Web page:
After years of cutbacks, layoffs and scraping for work, business is finally picking up for the tooling industry, but early signs of recovery are bringing with them concerns about finding skilled workers to handle more work today and training a future workforce.
At the same time, fears the economy could slow again are keeping many firms from plunging head first into new hiring.
“Everyone's a little gun-shy,” said Gary Chastain, consulting and training manager for RJG Inc. “When the big downturn happened, people cut back, and they've continued to do as much as possible with as few employees as possible.”
Chastain, who runs training sessions focused on tooling for the Traverse City, Mich.-based consulting company, said in a May 31 telephone interview that he is busier than he has been in years, running on-site classes for firms that cannot afford to take employees off the job for classroom training. Both mold-making companies and workers need to fine-tune capabilities to keep up with the increasing demands on the tooling industry from original equipment manufacturers and molders alike.
“Most companies are [anorexic] because everyone is afraid to staff up,” he said.
And just behind the concerns about current staffing and a shortage of skilled workers are long-term worries about where the next generation of toolmakers will come from.
“It's a growing concern,” said Kym Conis, managing director of the American Mold Builders Association.
Hiring issues and training are rising to the top of worries for AMBA members in surveys, Conis said.
In regular meetings and discussions, tooling-shop owners are saying it is hard to find computer numerically control machinists with programming experience, designers with hands-on experience and people willing to work second shift.
“We ... are having difficulty finding the skilled labor force our industry requires,” said Mike Armbrust, president of Rolling Meadows, Ill.-based AMBA and the general manager of Mako Mold Corp. of St. Charles, Ill. “Beyond the difficulty of simply finding someone with the training and qualification required to perform the job at hand, finding someone that fits your company's culture can prove to be as difficult.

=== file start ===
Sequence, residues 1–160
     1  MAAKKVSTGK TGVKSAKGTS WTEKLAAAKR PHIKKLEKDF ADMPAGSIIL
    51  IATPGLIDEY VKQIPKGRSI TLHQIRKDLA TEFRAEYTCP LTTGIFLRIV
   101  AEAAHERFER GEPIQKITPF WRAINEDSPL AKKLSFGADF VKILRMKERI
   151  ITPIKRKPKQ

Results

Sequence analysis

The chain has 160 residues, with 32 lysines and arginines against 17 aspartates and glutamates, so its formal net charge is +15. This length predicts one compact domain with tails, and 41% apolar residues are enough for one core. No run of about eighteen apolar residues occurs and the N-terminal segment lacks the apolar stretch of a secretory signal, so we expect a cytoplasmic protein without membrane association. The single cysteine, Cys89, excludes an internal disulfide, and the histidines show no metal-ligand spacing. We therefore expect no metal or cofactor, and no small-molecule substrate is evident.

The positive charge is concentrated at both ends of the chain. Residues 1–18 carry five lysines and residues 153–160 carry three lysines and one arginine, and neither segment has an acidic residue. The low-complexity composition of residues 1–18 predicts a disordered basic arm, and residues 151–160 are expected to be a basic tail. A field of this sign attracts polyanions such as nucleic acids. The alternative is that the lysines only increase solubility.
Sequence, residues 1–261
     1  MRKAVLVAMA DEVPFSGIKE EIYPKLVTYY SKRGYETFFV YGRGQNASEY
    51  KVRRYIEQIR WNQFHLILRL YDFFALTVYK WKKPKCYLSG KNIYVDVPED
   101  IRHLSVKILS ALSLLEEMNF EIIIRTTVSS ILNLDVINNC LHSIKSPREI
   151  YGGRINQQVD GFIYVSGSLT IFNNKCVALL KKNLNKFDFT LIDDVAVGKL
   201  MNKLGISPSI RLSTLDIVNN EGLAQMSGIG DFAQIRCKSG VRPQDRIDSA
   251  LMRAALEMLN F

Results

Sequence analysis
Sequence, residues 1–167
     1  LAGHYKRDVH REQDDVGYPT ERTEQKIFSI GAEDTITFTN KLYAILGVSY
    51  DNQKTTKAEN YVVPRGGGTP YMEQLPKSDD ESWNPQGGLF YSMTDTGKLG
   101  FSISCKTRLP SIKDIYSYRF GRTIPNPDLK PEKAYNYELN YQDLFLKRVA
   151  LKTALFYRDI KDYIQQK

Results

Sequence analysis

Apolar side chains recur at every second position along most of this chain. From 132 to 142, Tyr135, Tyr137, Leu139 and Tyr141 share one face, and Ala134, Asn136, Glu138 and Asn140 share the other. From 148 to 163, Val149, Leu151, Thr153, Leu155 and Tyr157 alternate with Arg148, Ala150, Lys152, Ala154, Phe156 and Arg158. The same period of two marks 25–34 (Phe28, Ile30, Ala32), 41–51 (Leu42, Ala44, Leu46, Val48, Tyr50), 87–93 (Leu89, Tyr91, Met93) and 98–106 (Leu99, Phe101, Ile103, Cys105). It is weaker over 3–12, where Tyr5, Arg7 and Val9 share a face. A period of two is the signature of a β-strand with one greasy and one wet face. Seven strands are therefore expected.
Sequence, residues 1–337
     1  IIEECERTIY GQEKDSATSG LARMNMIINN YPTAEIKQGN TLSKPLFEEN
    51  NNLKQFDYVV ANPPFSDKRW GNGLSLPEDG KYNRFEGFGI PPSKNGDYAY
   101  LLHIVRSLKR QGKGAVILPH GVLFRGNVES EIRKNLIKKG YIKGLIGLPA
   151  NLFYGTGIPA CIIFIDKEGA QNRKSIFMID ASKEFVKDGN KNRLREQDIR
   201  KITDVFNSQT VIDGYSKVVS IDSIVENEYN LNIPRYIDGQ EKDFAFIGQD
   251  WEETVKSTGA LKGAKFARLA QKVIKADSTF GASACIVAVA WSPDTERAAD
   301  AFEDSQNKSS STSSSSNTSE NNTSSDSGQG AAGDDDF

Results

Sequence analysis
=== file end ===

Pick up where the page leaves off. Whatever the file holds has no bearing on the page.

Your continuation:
“It's often something that comes down to a ‘gut check.' “
As a result, AMBA has established staffing and training as a core effort and is refining its scholarship program to give preference to those entering training for mold design, computer-aided design and manufacturing, machining, mold making and plastics production, Conis said.
“One of our best hopes is to start to look at our training programs and apprenticeships,” she said.
The group is in the early stages of developing a fall workshop specifically geared at apprenticeship programs.
The AMBA is not alone. The Canadian Association of Mold Makers has seen estimates from the Canadian government predicting a shortfall of as many as 500,000 skilled workers across multiple industries by 2025.
“There's a real shortage of getting kids interested in the trade,” said CAMM President Dan Moynahan, who also owns Platinum Tool Technologies in Oldcastle, Ontario.
”We've really dropped the ball on that in the last half-decade or so, and we need to get the ball back and start getting them in on the trade.”
The organization and Platinum alike have taken part in the Ontario Youth Apprenticeship Program, which puts high school students into on-site training in a variety of skills including mold making. Students spend a full year at participating companies, which can hook them on careers in those fields, Moynahan said, but the program has a limited number of participants it can handle each year.
Not every company or every area is seeing increased demand. Growth tends to be focused in regional manufacturing hot spots in the Southeast, Midwest and a few areas along the East and West coasts, Chastain said.
Despite the increased demand for skilled toolmakers, though, Chastain noted he sees few young people coming into the business today out of school. And that puts more pressure on existing workers who continue to try to meet demands. It also turns up the heat on companies trying to increase employees' skill levels without committing to hiring increases they may not be able to justify in two or three months, he added.